The second repeat was a little tougher but I could still do it and my HR only went as high as 75-78%... cadence of 80 rpms, avg. 22 mph. Cool.

The last one is where things got ugly. I tried to hold it for as long as possible but there were a few small hills on this stretch of mostly flat road and I dropped as low as 55 rpms at one point. OUCH. I have sore muscles today that I only today learned that I have. I was able to hold about a 70 cadence for most of the 6 minutes and my speed fluctuated from 18 mph to 24 mph...so there's where I'll be able to judge my progress, or lack thereof, from now on. Isn't self discovery fun? I'm taking it easy tonight, taking tomorrow off, doing an easy ride on Saturday and will race my first sprint of the season Sunday. I feel good about it...

One thing I've really noticed lately is that my HR and aerobic fitness are not limiting me much at all. It's all strength that I need to build right now. I was going as hard as my legs could go on the last repeat and my HR wasn't even to 80%...or ever NEAR my lactate threshold. I suspect my heart and lungs are stronger from swimming and all the breath control stuff we do... but also that my strength is lacking in relation. Nice to know what direction to focus though, eh? I feel good about it.

Next time I get on my bike, I'll just picture Lisa Bentley on her Cervélo and imagine that someday I'll get where I want to be...

6 Comments:

Blogger Bolder said...

good choice in Lisa Bentley.

definitely an inspiration.

she's no Amelia Earheart mind you, but maybe she just needs a good quote attributed to her...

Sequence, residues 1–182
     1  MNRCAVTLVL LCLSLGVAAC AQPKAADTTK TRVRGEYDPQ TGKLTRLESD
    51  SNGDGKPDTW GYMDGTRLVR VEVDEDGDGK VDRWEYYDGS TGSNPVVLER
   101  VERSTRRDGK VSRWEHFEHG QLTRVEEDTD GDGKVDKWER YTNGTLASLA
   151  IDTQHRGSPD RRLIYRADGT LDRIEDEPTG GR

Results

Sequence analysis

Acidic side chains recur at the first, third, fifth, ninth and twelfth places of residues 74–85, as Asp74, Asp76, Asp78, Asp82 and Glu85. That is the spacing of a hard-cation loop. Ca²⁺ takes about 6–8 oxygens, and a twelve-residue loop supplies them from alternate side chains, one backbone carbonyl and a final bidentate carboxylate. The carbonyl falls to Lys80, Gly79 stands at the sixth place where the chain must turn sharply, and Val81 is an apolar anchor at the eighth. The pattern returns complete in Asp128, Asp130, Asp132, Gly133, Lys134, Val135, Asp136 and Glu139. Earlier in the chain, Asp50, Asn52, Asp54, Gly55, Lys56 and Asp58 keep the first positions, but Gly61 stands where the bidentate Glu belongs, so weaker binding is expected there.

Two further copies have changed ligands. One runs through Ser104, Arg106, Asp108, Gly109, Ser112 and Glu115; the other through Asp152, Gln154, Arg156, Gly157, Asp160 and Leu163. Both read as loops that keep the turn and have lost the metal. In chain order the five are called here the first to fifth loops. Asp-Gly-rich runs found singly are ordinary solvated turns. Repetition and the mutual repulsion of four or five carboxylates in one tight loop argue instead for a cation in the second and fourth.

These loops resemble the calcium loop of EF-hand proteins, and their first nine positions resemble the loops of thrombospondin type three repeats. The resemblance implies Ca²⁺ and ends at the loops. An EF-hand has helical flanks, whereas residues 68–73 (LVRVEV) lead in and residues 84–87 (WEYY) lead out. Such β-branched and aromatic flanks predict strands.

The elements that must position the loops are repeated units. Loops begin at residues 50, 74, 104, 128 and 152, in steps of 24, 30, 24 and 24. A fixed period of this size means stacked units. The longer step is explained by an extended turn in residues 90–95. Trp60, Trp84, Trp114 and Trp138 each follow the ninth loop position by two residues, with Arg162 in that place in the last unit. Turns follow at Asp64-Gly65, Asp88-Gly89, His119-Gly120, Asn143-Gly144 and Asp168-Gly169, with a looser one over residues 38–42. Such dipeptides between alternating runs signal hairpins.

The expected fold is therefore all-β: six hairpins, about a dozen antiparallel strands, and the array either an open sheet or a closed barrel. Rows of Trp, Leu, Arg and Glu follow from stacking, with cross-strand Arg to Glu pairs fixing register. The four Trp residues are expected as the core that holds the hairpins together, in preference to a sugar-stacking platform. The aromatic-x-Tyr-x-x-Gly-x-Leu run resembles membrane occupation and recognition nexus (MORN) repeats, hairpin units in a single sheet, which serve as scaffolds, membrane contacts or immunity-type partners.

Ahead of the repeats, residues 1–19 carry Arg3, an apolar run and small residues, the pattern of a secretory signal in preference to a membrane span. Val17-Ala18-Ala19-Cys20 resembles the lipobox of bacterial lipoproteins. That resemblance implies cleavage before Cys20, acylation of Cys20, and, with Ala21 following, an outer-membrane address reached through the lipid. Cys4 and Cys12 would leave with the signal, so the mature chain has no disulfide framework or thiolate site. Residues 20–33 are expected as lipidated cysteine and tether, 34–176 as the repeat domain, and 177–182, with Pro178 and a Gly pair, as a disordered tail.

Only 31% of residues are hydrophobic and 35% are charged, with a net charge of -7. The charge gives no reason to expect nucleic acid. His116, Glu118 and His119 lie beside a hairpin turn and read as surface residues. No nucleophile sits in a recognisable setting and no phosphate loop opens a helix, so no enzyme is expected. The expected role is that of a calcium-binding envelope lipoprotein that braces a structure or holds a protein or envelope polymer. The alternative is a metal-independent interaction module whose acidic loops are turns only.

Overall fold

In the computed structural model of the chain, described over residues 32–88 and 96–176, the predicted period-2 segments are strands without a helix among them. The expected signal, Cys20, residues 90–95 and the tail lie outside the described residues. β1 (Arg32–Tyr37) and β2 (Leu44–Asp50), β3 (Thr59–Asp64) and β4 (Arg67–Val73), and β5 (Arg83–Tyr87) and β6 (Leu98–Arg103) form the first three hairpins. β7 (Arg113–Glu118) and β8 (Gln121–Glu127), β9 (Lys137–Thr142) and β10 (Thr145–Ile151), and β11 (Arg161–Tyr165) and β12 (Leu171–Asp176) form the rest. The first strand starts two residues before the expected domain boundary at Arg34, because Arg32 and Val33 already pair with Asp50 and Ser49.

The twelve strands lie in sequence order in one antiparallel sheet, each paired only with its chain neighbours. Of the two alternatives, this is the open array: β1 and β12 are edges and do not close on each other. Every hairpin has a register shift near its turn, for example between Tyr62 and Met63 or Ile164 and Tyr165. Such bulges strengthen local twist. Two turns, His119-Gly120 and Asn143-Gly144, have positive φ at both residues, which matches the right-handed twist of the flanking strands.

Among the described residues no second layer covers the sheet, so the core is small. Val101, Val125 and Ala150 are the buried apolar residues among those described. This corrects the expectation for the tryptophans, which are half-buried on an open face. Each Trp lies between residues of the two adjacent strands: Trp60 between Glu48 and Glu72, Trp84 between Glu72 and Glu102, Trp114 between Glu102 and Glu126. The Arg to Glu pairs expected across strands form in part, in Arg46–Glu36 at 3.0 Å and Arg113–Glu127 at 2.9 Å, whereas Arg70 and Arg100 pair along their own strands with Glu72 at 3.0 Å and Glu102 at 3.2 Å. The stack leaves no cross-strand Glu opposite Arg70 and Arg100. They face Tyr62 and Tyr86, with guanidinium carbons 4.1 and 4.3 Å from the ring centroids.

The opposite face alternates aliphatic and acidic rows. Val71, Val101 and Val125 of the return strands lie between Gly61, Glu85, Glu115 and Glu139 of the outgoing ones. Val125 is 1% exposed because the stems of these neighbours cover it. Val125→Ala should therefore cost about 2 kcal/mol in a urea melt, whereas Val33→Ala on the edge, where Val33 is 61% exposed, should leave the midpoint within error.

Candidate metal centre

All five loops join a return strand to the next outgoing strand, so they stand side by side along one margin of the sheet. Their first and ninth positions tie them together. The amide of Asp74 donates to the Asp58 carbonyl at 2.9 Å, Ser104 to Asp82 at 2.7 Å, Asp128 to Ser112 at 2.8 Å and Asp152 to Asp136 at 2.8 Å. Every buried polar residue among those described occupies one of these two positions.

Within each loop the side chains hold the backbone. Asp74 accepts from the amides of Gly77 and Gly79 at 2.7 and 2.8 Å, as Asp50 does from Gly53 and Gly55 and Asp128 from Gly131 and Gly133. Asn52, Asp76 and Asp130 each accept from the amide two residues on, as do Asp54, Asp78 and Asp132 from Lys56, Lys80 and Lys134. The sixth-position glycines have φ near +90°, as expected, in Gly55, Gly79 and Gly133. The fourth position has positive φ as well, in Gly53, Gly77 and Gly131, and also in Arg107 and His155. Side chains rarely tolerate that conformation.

4:51 PM GMT-5

 
Blogger Chris said...

I'm not sure why, but Lisa Bentley is one of my favorite female triathletes.

Big gear work is something that I desperately need to do. But nice job with your workout. And what are you talking about? Your speeds look plenty fast to me!

8:52 AM GMT-5

 
Blogger Barb said...

Would 'Big Gear' replace hill training or maybe be alternated with?

10:45 AM GMT-5

 
Blogger Spence said...

Barb - I'm not sure. I think the muscle groups are slightly different and with cadence you're working on building a faster turnover...you get speed when you can turnover at the same rate as you move into higher gears. With hill training, I imagine you're less concerned with turnover and more with power. But they're so closely related I'm not sure there's too much of a distinction. Anyone else care to weigh in?

11:00 AM GMT-5

 
Blogger JC said...

Oooh, Spence, I am totally stealing your workout. That sounds like a wonderfully blissful kinda pain.

Good luck this Sunday. I'll send you good vibes. Stay cool and hydrated in the heat.

11:31 AM GMT-5

 
Blogger Cliff said...

Spence,

Great workout. I gotta borrow that.

I find that too with my bike. I am weak in strength. My HR is nice and low but i can't push my cadence up.

In Going Long, Joe Friel caution about cadence below 60 as it might do damage to the knees. I have done that before when I climb hills.

2:17 PM GMT-5